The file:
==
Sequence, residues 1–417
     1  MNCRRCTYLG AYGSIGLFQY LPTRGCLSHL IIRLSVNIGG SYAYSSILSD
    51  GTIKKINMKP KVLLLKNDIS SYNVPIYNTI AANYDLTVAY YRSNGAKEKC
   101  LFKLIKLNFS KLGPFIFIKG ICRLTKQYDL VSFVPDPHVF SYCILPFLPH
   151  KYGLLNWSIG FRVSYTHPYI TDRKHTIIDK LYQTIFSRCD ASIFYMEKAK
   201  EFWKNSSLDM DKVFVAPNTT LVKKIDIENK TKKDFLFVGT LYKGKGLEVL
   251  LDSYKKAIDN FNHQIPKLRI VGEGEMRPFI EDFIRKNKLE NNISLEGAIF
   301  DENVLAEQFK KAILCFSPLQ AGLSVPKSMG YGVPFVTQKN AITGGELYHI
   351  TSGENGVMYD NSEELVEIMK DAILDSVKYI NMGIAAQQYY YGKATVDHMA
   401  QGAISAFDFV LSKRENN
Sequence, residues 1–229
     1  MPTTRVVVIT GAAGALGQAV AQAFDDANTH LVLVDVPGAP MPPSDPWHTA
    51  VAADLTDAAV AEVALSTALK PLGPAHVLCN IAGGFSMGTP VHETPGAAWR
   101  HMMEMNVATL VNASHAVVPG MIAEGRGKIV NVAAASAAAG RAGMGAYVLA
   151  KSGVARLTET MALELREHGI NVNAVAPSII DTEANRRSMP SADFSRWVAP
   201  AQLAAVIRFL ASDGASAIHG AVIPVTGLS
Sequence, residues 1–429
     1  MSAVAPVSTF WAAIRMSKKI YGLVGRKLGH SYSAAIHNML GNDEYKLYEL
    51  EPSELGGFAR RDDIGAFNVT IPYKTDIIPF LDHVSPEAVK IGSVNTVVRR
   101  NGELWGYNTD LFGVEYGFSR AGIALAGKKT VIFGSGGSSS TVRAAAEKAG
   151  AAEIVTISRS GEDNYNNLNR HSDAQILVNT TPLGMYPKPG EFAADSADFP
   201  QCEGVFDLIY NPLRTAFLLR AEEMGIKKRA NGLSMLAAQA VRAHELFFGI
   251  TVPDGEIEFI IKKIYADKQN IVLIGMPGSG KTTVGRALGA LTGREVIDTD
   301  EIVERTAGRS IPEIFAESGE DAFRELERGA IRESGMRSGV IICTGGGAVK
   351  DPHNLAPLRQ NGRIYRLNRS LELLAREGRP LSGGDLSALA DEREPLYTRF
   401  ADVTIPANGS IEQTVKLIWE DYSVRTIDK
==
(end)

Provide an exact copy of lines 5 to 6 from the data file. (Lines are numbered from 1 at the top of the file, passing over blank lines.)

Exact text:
   151  KYGLLNWSIG FRVSYTHPYI TDRKHTIIDK LYQTIFSRCD ASIFYMEKAK
   201  EFWKNSSLDM DKVFVAPNTT LVKKIDIENK TKKDFLFVGT LYKGKGLEVL